DURHAM, N.C. -- Children often get past traumatic events without subsequently encountering posttraumatic stress disorder, researchers here reported.
DURHAM, N.C., May 8 -- Children often get past traumatic events without subsequently encountering posttraumatic stress disorder, researchers here found.
More than two-thirds of the children studied reported one or more traumatic events by age 16, William E. Copeland, Ph.D., of Duke reported in the May issue of the Archives of General Psychiatry.
After a first childhood trauma, the prognosis is generally favorable, said Dr. Copeland and colleagues. However, they added, this is not true for children experiencing multiple traumatic events or for those with a history of anxiety.
The children in western North Carolina came from the Great Smoky Mountain Study, a longitudinal study of psychopathology and use of medical services in childhood.
From 1993 to 2000, a representative sample of one parent and 1,420 children, ages nine, 11, and 13 at the start, were followed up annually through age 16.
Of the children 790 were boys and 639 were girls. When weighted to population probability, 89.5% were white, 6.9 % were African American, and 3.6% % were American Indian.
Traumatic events were grouped into broad categories, including: violence (violent death of a loved one, war, terrorism, victim of physical violence, physical abuse by a relative, captivity); sexual trauma (rape, sexual abuse, coercion); other injury or trauma (diagnosis of physical illness, serious accident, natural disaster, fire); witness to trauma, and learning about trauma (so called "vicarious" events).
Violence and sexual trauma were associated with the highest rates of symptoms, the researchers reported.
Of the children, 68.2% reported at least one traumatic event by age 16, with 13.4% of those children developing some posttraumatic stress (PTS) symptoms.
However, full-blown post-traumatic stress disorder (PTSD) was rare in middle childhood and adolescence. Less than 0.5% of the children met the criteria for PTSD, the researchers reported.
Higher levels of trauma exposure were related to higher levels of most types of psychopathology, particularly anxiety and depressive disorders, as well as other impairments, the researchers said.
Adolescence was a strong predictor of both painful recall and subclinical PTSD, after controlling for other variables, the researchers said. Painful recall in these teenagers was linked to exposure to an earlier trauma, being previously diagnosed as having an anxiety disorder, and coming from a difficult family environment.
Risk factors significantly predicting a first traumatic exposure were previous environmental adversity, previous parenting problems, and a history of a depressive disorder.
In response to a first trauma experience, overall, 8.2% of the individuals studied reported painful recall of events and 1.4% reported subclinical PTSD.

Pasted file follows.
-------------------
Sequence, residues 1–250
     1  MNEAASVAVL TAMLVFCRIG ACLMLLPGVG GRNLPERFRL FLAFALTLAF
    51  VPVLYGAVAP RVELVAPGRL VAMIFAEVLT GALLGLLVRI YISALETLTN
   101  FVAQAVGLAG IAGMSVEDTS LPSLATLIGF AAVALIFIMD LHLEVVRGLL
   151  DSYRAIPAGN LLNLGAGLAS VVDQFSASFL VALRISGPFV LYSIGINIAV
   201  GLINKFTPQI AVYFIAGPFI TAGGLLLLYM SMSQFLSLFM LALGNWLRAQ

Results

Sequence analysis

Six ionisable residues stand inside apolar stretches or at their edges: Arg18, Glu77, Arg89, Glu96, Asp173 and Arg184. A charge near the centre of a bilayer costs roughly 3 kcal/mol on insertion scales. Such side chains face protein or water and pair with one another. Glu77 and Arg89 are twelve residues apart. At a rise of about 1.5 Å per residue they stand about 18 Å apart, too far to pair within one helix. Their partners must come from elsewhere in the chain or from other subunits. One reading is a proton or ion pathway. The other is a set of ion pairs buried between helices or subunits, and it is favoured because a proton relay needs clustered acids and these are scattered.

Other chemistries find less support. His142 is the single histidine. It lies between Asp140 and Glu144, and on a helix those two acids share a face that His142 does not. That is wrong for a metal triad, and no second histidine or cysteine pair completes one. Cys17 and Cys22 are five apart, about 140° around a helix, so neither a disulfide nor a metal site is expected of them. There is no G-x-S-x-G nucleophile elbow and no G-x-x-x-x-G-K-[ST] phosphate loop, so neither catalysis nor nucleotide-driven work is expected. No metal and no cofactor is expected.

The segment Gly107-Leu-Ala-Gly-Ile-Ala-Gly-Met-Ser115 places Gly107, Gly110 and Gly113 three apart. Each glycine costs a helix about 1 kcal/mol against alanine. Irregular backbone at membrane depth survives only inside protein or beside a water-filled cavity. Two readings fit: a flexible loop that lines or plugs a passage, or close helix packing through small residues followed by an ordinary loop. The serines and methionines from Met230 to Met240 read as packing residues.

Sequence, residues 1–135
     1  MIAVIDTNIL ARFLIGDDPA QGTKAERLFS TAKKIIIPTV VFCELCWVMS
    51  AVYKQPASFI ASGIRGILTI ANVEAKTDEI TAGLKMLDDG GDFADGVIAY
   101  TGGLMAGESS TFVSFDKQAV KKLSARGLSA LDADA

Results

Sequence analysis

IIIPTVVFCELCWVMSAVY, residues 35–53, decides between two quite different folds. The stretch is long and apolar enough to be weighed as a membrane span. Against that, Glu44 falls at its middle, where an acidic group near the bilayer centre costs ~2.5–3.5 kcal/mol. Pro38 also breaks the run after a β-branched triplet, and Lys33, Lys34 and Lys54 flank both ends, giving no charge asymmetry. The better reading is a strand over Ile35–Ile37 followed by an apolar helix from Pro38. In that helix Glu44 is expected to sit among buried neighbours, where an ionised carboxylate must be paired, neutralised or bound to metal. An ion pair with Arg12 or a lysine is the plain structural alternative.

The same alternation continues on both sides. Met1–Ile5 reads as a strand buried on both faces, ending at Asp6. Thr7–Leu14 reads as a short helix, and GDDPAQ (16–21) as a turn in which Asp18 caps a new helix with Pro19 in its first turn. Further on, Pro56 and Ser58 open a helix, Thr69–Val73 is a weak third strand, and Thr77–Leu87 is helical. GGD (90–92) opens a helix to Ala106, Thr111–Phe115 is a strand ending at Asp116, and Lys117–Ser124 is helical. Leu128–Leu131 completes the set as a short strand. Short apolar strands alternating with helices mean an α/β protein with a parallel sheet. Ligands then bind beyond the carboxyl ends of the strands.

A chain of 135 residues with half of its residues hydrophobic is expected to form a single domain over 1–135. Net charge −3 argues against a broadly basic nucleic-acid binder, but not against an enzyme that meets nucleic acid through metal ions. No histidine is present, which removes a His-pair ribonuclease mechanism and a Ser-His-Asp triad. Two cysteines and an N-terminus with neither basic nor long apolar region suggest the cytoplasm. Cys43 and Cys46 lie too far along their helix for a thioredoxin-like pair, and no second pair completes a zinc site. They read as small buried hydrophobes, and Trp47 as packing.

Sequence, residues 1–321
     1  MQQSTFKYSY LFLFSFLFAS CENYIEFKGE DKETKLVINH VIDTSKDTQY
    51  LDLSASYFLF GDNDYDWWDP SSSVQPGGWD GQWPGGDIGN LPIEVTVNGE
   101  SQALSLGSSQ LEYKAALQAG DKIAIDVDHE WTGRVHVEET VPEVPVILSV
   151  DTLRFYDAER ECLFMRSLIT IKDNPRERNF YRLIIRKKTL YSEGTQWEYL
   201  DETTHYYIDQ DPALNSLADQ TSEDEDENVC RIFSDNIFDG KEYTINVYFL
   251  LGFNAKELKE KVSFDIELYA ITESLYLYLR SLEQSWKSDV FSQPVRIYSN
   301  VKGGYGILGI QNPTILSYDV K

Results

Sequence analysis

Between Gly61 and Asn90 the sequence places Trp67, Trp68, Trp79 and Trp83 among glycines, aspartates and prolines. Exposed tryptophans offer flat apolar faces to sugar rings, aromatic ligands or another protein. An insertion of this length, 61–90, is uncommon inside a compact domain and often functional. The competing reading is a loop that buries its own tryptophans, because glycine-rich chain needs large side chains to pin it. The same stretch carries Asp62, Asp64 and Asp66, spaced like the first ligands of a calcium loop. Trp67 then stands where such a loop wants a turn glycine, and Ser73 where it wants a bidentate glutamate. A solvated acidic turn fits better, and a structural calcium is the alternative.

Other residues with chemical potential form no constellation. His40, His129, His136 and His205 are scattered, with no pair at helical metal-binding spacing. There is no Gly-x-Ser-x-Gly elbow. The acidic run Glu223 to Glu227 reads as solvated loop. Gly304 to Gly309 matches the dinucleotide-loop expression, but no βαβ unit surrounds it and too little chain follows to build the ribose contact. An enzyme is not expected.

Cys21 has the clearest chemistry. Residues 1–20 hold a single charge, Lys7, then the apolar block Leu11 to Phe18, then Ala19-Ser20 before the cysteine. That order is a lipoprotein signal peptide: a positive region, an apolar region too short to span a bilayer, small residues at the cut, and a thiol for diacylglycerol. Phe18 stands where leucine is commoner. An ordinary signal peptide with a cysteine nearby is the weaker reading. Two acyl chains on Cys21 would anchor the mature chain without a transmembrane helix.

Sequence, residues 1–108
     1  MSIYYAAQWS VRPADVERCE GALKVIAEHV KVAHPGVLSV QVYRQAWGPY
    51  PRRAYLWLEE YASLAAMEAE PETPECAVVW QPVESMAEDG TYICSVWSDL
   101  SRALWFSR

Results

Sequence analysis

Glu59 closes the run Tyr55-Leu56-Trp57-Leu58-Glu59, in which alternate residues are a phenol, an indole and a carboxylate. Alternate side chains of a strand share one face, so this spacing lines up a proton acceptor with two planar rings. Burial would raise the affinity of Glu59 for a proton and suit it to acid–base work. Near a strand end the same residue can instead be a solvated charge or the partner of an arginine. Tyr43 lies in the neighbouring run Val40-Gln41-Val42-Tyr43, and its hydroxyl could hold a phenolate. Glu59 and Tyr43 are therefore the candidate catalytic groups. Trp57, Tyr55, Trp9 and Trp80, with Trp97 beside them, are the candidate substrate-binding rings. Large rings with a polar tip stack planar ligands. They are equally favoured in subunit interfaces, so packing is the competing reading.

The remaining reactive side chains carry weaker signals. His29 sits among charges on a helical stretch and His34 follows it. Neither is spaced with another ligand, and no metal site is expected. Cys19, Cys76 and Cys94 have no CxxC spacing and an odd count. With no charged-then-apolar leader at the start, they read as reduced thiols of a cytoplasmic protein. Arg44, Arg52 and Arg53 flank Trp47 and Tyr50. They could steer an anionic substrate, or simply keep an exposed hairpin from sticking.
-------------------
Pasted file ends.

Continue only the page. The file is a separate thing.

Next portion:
Children exposed to trauma had almost twice the rate of psychiatric disorders compared with those not exposed, the researchers said.
For example, in a comparison of individuals reporting posttraumatic stress symptoms after a first trauma and those with no symptoms immediately after trauma, rates of psychiatric disorders were higher in the painful-recall group than among those without painful recall (31.1% versus 14.5%). However, a year after the traumatic event, psychopathology rates in the two groups were the same.
The rate of PTSD after exposure to a traumatic event was lower than that reported in studies of adults, the researchers wrote. At the same time, the results of this study suggest that these children experienced posttraumatic stress symptoms, higher rates of psychopathology, and additional impairments.
One explanation for this finding has to do with the DSM-IV criteria for PTSD, which were developed from the adult literature and may not fully reflect response to trauma in children, the researchers said. The results of the current study suggest that either the current criteria for PTSD when applied to children may not be developmentally sensitive, or that childhood PTSD is rare.
Among potential sources of bias in the study, the researchers wrote, is that estimates of traumatic events may have been inflated, and this would likely be reflected in similarly elevated psychopathology rates. However, psychiatric prevalence rates were consistent with those obtained in other studies, the researchers said.
Also, they wrote, there was no independent verification of the traumatic event reported, although it is probably unavoidable in a community-based study of an event that does not follow a specific event, such as a hurricane or flood.
Severe events, such as sexual abuse, may have been under-reported, they said. It is not uncommon for an event reported at one time to be followed by a false-negative report. However, in their study, the researchers said, severe events were assessed at multiple time points to attempt to offset this limitation.
Studies of childhood trauma that use convenience samples of children exposed to specific events and undergo assessments for PTS symptoms provide only incomplete answers to how common trauma is in childhood and how children typically respond to these events, Dr. Copeland said.
This study suggests that the effects of trauma are not symptom-specific. Few children exposed to trauma develop PTSD, and the few who display lesser PTS symptoms can be identified through information about their age, trauma history, anxiety history, other impairments, and family environment, Dr. Copeland concluded.